Struggle to find the ‘right’ word for your writing? Occasionally, so do I. Perhaps, in trying to improve my own work, I can help you.
Today’s words: Bacchanalia, Blend together, By means of, Barking up the wrong tree, Bastard.
Synonyms are alternative words that might say exactly what you’re trying to convey.
Bacchanalia: is a festival in honour of the Roman god of wine, Bacchus (his Greek predecessor is Dionysus, but the two are more or less equivalent). Roget gives the following headings; turmoil, feasting, sensualism, and drunkenness. Under the sub-heading ‘drunkenness’ are another 67 suggestions including insobriety, sottishness, intoxication, wooziness, swilling, binge and pub-crawl.
Usage for Bacchanalia:
‘Gordon feared his friend, Donald, would turn his stag night into a regular Bacchanalia, and the excess drink would mean he’d be reduced to a trembling idiot during the wedding ceremony.’
Redundancies: words serving no purpose. In speech they’re spacers, giving the speaker time to think. But in writing they slow the reader’s progress.
Blend together: To blend substances, things, is to place them together. The method of such combining depends on the nature of the items. But blending is combining, so ‘together’ is always an unnecessary modifier. We can put things together. We can blend them. But if we blend them together, we’re creating a tautology; something a good writer avoids.
Plain-Language Alternatives for Wordy Phrases: some writers, especially those new to the craft, use more words than necessary. We can often substitute a single word for a phrase.
By means of: since this phrase means ‘by’, use of the other words suggests an attempt to impress. I suggest the attempt will fail with most readers, so I’d avoid it and use the single word instead.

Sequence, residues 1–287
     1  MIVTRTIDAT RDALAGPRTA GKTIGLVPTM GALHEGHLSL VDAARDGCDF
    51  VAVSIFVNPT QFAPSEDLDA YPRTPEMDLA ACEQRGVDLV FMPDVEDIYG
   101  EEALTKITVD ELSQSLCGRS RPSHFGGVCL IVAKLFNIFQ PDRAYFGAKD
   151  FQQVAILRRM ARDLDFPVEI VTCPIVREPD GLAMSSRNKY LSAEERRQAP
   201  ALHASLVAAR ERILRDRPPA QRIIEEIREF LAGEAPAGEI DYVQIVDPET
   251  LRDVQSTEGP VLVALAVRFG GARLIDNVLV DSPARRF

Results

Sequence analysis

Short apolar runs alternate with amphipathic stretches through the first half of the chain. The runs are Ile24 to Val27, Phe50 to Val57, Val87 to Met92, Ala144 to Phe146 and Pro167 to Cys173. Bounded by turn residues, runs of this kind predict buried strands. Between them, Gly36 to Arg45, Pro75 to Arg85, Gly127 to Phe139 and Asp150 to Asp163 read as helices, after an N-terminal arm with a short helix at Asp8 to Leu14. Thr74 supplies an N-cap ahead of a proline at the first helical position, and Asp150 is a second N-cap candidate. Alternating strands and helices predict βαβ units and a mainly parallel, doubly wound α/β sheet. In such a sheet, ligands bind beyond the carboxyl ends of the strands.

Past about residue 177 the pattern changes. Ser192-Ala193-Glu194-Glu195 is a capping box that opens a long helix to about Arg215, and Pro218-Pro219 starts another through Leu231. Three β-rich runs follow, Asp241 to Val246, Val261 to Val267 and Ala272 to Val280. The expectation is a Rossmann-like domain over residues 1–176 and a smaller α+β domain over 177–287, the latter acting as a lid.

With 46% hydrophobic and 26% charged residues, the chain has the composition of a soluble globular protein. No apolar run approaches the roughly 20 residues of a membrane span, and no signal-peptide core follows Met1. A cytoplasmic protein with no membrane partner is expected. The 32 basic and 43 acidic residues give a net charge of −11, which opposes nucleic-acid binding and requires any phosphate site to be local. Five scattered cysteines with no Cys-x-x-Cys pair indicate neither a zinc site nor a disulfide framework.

Cliché: a stereotyped or hackneyed expression; a phrase, opinion or other element of language that’s so overused it no longer holds power. However, clichés come into being as the result of their original and effective ability to describe a situation or quality in apposite terms. Their use should be sparing: in dialogue, they’re fine, providing the speaker would use them. They are words or expressions we’ve all encountered more times than…Here, I could use a cliché to illustrate what a cliché might be.
Barking up the wrong tree:
‘If you think I’m at all interested in your son, you’re barking up the wrong tree. Now, if it was your daughter who concerned you, you might have grounds.’
This could be rewritten to exclude the cliché: ‘If you think I’m attracted to your son, you’re mistaken. Your daughter, however, is appealing.
And, my own humorous, metaphorical, and sometimes controversial definitions of some common words for your entertainment, which I’ll list under The Delusional Dictionary.
Bastard: that greedy sod who believes profit is more valuable than people; the man who stole your girlfriend; the fool who votes without considering the facts; anyone presenting misinformation as fact.
I’m intending to continue this series with a final alphabetical run and then close this chain of posts and move on to something new. There’ll have been more than a year of these word posts by then. And the series will remain available in the archive, should anyone wish to review it.
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